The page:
PISCATAWAY, NJ - As he enters his fifth year as Rutgers' head coach, Jim Stagnitta is hoping some simple math can help the Scarlet Knights regain the success they enjoyed in seasons past. A battle-tested senior class plus a group of underclassmen that possess both experience and athleticism could equal a team that has the ability to make yet another run towards the NCAA Tournament.
An injury-ravaged team in 2005 struggled with its consistency against one of the toughest schedules in the nation. But returning in 2006 is a core of seniors who have been through the building process, growing as Rutgers went from a two-win team in 2002 to a perennial Top 15 program in 2003 and 2004. Recruiting classes that have combined overall athleticism with highly-skilled players are now paying dividends, leaving Stagnitta with depth and flexibility at a variety of positions. It's a formula that has proven to be successful at every level, making the veteran coach as excited as ever about the direction of his program.
“I like the chemistry and focus,” said Stagnitta. “This is a great group of kids who are working hard and doing what we ask of them. I think there are three areas that hold the key to how successful we end up - Ted Melanson in the face-off circle, Chris Doctor on attack and our ability to hold up on the defensive end. Being healthier and more experienced at the midfield will make a big difference. We have more size and athletic depth then we've had is recent years.”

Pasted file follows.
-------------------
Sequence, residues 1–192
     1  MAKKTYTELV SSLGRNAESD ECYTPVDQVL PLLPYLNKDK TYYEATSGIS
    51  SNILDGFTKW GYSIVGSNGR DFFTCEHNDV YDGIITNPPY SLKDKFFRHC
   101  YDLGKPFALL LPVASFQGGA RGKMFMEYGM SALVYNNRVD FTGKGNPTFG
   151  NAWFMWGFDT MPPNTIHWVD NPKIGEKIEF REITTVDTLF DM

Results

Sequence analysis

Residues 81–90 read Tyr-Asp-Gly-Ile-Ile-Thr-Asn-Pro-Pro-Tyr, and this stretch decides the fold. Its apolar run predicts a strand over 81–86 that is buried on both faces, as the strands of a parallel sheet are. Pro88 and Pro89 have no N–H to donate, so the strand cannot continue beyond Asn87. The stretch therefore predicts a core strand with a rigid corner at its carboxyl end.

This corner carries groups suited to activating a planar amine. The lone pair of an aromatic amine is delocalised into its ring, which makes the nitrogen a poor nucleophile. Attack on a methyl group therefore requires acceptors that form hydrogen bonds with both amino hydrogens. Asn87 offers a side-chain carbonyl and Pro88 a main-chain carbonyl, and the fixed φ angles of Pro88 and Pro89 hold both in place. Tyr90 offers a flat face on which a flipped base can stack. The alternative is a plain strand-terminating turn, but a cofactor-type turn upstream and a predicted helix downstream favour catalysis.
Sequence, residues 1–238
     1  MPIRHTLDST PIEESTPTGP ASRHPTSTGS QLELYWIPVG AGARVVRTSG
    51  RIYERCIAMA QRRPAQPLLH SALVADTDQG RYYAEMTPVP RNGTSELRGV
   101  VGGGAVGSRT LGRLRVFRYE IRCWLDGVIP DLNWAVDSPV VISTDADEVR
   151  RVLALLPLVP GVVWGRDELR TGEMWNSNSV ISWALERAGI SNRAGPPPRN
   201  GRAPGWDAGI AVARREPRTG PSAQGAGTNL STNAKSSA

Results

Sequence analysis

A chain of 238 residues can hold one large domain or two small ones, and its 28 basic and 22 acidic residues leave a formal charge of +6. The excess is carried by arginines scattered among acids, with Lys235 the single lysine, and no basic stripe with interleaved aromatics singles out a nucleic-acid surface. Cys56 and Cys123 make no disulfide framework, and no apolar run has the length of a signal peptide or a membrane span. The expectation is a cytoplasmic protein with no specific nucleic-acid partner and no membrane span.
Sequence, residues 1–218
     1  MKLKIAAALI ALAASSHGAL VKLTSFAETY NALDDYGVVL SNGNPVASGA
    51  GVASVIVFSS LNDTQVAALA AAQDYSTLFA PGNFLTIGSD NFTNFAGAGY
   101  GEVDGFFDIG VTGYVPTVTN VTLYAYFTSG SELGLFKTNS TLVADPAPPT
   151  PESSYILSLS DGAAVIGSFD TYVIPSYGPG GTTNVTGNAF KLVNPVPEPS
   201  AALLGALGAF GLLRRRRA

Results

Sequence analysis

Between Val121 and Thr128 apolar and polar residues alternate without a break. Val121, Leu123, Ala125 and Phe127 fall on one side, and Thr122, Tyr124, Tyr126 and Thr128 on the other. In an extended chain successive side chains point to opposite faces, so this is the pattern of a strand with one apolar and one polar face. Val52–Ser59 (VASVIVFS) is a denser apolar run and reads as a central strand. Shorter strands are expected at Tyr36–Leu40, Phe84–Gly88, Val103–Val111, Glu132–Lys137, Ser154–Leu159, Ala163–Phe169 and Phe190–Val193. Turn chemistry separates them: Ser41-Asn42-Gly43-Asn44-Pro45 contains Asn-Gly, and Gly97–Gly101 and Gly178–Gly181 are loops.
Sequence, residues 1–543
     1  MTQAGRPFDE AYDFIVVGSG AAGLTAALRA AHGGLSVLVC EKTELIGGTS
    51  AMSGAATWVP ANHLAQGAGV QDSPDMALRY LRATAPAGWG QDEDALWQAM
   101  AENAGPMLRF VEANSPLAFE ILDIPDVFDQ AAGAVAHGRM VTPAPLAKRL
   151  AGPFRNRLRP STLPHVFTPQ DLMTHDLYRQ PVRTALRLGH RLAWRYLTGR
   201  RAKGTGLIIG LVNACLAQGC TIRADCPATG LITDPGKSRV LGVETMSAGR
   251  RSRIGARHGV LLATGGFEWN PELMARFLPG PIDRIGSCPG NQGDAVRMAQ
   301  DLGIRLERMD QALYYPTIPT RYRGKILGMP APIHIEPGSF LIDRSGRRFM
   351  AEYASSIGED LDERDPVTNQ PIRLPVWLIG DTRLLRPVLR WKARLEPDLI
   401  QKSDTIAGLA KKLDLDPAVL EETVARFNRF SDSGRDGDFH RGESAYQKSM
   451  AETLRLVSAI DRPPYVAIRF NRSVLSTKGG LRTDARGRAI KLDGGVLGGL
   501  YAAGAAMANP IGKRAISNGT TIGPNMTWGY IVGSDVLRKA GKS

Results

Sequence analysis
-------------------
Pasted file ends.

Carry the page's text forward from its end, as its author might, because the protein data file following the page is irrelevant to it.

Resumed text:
Junior Chris Doctor, who has platooned between the attack and midfield since his arrival in 2004, seems to have finally found a home on the offensive end of the field. He finished 2005 tied as the team's second-leading scorer (nine goals, seven assists, 16 points), and possess the ability to be a go-to scorer with his combination of shooting and dodging. A veteran of 27 games over two seasons, he owns 19 career goals and 17 assists. Joining Doctor on the attack is sophomore Nate Sanderson, who showed flashes of being a dynamic scorer with a team-high 14 goals last year. A more well-rounded player entering 2006, Sanderson benefited from a summer that saw him lead the Orangeville Northmen to the Ontario Lacrosse Association finals.